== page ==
Peter James: Things that annoy me in restaurants, an utterly repulsive expression and a trip to France
PUBLISHED: 15:47 23 November 2016 | UPDATED: 15:47 23 November 2016
Bestselling crime writer Peter James talks us through his gastronomic adventures and keeps us abreast of everything relating to his fictional detective, Roy Grace
What are the things that annoy us most in a restaurant? A snooty receptionist not able to find your reservation? Being told that you can have your table for exactly two hours and no more? The waiter who continually interrupts to ask you if you are enjoying your meal? (“I would be if you didn’t keep bloody pestering us every five minutes…”) The fish dish that arrives with an unannounced meat garnish? Someone’s plate being swept away while the rest of you are still eating? One main course not arriving until everyone else’s has gone cold? The lighting so dim you need a torch to read the menu? Being given a table by the loos so you get the reek of disinfectant every few minutes? Your wine bottle being placed out of reach and sight?
One of my own particular bête noirs is those breezy maitre d’s you get in America who introduce themselves with a “Hi, Shane’s gonna be your server tonight, he’ll be right with you.” The other is again in the US, when a waiter comes over, looks at your plate which arrived stacked with enough carbs to fuel a Polar exploration team for three months and asks, “Are you still working on that?”
I go to restaurants for a number of different reasons. To relax; to meet with research contacts; to give media interviews; to catch up with friends and sometimes to celebrate. I go out to eat and to drink but I do not go out to work on food – it’s an utterly repulsive expression. Fortunately it’s not one I’ve heard during three weeks in blissfully civilised France.
It used to be said that in an ideal world the policemen would be English, the car mechanics German, the cooks would be French and the hoteliers Swiss. I’d add French waiters to that list. In so many countries the perception is that to wait tables is somehow a menial job. Either the staff must be students in need of cash before going to university, they are “resting” actors, or they are just down on their luck. For the French – and Italians and Spanish, too – many are graduates from hotel school. It is a career – and a very proud one – and so it should be.
I’ve been on a 2,000 mile road trip through France, partly for research and partly to take time out to focus on my new Roy Grace novel. It remains a wonderful country to drive in – largely quiet motorways and even quieter byways, with levels of food and service better than ever. Terrible things have happened in France recently, in Paris and Nice particularly and in a Normandy church. But strangely the effect reminds me of New York in the aftermath of 9/11. It has had a subtle but distinct impact on the French people. Much of the natural arrogance and insouciance has gone and instead they seem more gentle and caring.
Heading south from the Eurotunnel in Calais, the Chateau de Fere, Fère-en-Tardenois, is a stunner. Set in glorious countryside 20 miles from Reims, this is everything a dreamy French chateau should be: comfortable, traditional rooms, superb service, good food and it is an easy three-hour drive. It’s a place where you could linger for days, much to explore, stunning ruins and glorious walks.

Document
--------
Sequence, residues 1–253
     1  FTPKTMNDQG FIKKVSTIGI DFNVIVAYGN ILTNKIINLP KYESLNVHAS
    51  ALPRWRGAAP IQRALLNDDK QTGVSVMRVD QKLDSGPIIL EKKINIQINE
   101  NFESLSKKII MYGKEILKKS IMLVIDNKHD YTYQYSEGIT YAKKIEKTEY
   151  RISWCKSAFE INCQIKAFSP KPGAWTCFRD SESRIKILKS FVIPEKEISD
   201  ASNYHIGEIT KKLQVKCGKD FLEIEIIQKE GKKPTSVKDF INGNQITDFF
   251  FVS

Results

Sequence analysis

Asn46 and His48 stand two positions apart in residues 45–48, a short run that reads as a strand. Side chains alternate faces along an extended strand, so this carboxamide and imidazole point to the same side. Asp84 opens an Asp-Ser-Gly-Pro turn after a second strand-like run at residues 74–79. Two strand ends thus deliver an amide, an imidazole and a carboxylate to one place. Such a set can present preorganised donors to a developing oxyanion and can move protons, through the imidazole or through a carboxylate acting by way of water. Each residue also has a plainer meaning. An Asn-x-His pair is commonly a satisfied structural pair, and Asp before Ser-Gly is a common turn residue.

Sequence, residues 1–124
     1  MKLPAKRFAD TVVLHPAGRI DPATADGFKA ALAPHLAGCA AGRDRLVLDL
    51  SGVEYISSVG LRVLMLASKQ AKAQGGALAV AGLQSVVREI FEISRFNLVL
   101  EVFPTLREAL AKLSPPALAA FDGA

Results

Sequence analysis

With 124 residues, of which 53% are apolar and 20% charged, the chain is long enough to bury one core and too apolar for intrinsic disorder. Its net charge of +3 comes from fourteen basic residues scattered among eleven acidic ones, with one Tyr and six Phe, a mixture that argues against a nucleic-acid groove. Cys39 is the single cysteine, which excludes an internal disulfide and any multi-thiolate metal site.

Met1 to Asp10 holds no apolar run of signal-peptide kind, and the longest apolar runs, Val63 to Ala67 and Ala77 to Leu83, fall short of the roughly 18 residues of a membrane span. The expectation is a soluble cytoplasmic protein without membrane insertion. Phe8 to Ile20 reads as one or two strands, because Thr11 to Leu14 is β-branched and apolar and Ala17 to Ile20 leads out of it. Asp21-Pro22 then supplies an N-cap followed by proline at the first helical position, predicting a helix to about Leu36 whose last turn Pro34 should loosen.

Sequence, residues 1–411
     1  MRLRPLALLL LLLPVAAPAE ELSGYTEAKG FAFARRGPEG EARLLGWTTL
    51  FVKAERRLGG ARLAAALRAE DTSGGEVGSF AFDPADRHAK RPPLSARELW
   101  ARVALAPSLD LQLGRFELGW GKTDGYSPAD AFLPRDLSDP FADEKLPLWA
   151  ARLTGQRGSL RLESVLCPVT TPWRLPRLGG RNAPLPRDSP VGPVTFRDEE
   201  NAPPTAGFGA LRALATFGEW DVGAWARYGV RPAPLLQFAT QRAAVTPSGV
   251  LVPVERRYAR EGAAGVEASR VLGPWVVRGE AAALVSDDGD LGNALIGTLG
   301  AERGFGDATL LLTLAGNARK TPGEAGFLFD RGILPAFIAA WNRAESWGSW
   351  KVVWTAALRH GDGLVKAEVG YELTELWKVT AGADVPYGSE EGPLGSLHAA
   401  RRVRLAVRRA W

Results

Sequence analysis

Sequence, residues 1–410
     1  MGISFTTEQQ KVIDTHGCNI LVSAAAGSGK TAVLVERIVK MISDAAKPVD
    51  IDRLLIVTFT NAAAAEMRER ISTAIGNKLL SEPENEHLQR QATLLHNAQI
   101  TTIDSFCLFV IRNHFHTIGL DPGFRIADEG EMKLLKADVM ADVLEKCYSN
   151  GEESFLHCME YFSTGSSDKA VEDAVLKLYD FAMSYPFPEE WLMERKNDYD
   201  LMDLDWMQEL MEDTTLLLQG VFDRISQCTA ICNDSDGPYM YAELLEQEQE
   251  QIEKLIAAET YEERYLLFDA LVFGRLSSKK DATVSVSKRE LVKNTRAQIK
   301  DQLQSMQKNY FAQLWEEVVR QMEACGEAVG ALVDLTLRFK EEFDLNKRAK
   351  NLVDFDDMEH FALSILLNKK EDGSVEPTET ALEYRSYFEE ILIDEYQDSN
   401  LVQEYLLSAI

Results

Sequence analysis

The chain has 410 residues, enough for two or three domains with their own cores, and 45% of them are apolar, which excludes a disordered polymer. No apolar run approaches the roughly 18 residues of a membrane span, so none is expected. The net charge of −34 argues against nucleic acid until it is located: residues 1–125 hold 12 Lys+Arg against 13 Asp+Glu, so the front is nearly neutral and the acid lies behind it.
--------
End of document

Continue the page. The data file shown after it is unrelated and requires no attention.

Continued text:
Our next stop was Annecy, one of France’s gems, which was darkened four years ago by one of the worst multiple homicides in France. It is still unsolved, and of course a fascination for me. We stayed on the edge of the lake in Relais Chateau hotel Pere Bise in Talloires – gorgeous and faultless. We’d prearranged rental mountain bikes, and two virtually brand new bikes awaited us. We did the stunning 42km ride around the lake, almost all of it on cycle track.
From there we drove to Mougins, the beautiful ancient hill-town behind Cannes, and home to Picasso for many years. Our favourite restaurant there, La Meditérranée, under the ownership of charming Nicholas Catherine (pictured) remains terrific value. We started with courgette flowers stuffed with minced salmon, followed by sublime lobster. We stayed at the superlative Mas Candille, with stunning views from its vast swimming pool across the valley to Grasse. Another memorable meal was at the eponymous Daniel Desavie, former head chef of three-rosetted temple of gastronomy Moulin de Mougins.
From there to perfect, simple grilled John Dory at Plage de Passable in St Jean-Cap-Ferrat, followed by drinks at the engagingly friendly Monaco bar, Gerhard, owned by Austrian Formula One driver, Gerhard Berger.
Our return was via Paris – always a challenge to drive through. We stayed in the luxurious Pavilion de la Reine hotel in the Marais. Set in its own exquisite courtyard, it oozes old-world French charm and style. But incredibly, looking forward to dinner at Alain Ducasse’s Benoit and tired after a 12-hour drive, we had a snooty receptionist pretending not to be able to find our reservation. On a Monday night. In a half empty restaurant. They redeemed themselves – I had sensational escargots and one of the simplest but perfectly judged pieces of turbot I’ve ever eaten. Lara and I would go back like a shot – but we’d be worried about them not finding our reservation….
Peter James’ fee for this column will be given to the Sussex Police Charitable Trust.
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